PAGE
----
One M. Beaucé affirmed that the soil was twelve times more productive than that of Europe.
Sugar, coffee and cocoa were the staple products grown, corn was also grown but it was used as poultry feed. The major spices, dyeing stuffs and medicinal plants included cinnamon, ginger, pimento, cloves, vanilla, nutmeg, indigo, cassia, castor-oil, aloes, logwood, quinaquina, jalap, cactus, ipecacuanha, sarsaparilla, lignum vitae and simaruba (Copperwood/turpentine tree). Yams, sweet potatoes, cassava and eddoes were produced in abundance.
The other leguminous plants and esculents were cabbages, cucumbers, parsnips, peas, carrots, radishes, egg-fruit (canistel), pumpkin, sorrel, celery, spinach, okras, tomatoes, callaloo, beans and beet-root.
Breen also stated that all the delicious fruits of the West Indies and many valuable exotics grew to perfection in St. Lucia. The most attractive was the pine-apple, grape, cocoa-nut, melon, fig, guava, sapodilla, orange, citron, shaddock, lime, fig/banana, mango, star-apple, pomegranate, mamee, cherry, tamarind, chestnut, avocado, breadfruit, breadnut, soursop, custard-apple, sugar-apple, cashew, papaw, golden-apple and granadilla.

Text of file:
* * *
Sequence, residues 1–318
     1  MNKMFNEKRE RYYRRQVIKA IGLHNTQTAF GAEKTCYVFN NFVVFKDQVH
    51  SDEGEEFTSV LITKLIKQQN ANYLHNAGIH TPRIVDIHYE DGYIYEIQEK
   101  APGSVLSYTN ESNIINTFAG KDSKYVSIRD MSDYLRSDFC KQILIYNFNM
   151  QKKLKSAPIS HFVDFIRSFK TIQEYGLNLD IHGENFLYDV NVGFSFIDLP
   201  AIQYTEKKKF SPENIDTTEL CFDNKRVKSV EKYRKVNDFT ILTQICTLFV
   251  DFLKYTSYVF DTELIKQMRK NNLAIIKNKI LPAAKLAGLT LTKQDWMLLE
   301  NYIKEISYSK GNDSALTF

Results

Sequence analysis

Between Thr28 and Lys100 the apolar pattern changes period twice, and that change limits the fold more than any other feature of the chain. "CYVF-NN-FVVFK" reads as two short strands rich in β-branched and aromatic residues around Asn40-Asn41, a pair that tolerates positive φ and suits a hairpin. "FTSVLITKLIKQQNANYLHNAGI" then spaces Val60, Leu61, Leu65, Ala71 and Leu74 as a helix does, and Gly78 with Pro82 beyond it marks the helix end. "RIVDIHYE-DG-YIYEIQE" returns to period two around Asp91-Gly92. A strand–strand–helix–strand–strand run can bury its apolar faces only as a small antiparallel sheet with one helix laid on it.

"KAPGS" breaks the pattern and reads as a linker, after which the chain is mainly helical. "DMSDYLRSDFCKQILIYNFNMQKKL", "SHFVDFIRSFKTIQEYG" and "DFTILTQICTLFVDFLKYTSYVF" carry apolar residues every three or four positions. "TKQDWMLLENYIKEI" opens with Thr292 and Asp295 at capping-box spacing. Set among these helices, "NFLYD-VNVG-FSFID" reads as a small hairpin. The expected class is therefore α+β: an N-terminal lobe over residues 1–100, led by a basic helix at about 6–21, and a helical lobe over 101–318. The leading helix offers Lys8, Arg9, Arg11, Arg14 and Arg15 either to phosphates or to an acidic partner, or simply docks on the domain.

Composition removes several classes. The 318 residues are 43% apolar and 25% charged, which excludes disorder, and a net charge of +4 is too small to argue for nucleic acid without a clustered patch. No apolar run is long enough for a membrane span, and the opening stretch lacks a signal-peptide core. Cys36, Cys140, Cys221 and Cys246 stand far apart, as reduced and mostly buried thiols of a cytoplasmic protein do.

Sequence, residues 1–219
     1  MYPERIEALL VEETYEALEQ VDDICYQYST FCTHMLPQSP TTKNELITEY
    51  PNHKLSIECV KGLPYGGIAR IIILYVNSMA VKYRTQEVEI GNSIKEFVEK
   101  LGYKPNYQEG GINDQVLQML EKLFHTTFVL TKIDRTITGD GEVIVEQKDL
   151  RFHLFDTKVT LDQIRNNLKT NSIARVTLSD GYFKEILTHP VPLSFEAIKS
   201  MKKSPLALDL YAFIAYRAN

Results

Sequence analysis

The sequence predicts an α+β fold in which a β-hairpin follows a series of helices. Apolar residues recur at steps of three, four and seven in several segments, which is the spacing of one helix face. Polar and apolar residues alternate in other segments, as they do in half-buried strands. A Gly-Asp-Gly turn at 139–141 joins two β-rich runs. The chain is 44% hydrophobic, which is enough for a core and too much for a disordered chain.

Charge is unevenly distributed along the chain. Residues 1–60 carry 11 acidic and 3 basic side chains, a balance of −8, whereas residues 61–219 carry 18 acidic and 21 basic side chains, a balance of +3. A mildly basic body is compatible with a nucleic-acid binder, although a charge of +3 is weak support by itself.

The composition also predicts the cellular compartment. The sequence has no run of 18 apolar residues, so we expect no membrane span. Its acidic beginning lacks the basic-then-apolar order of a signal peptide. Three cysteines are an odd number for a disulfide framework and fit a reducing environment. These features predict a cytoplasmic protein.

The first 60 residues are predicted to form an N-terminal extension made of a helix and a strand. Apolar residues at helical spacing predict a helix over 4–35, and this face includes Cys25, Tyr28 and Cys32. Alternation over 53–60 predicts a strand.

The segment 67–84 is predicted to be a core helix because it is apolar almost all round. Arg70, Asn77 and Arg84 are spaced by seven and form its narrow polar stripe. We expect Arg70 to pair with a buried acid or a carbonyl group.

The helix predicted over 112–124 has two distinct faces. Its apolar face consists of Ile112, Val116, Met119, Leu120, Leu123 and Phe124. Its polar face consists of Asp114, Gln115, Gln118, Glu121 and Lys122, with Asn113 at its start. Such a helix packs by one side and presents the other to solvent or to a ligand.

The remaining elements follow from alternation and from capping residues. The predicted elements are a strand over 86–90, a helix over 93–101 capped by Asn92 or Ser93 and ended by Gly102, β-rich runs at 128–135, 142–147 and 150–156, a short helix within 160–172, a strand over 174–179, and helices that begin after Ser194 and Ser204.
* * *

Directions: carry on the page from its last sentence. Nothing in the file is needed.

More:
Did you know the quarter of Soufriѐre was famous for the great variety and exquisite taste of its fruits and vegetables? Its pine-apples, watermelons, muscadine grapes and figs were considered to be of superior quality to those produced in any part of the West Indies.
St. Lucia was covered with forest trees of every form and endless variety. They were, with few exceptions, indigenous to the soil. Many of them were valuable for building and the locust or native mahogany grew in abundance.
Some other major trees were the palm tree, trumpet tree, white cedar, black cedar, oak, poplar, bully tree, soap tree, rosewood, cinnamon tree, galba, pois doux, gris gris, willow and ironwood etc.
Source: St. Lucia: historical, statistical, and descriptive by Henry Hegart Breen – 1844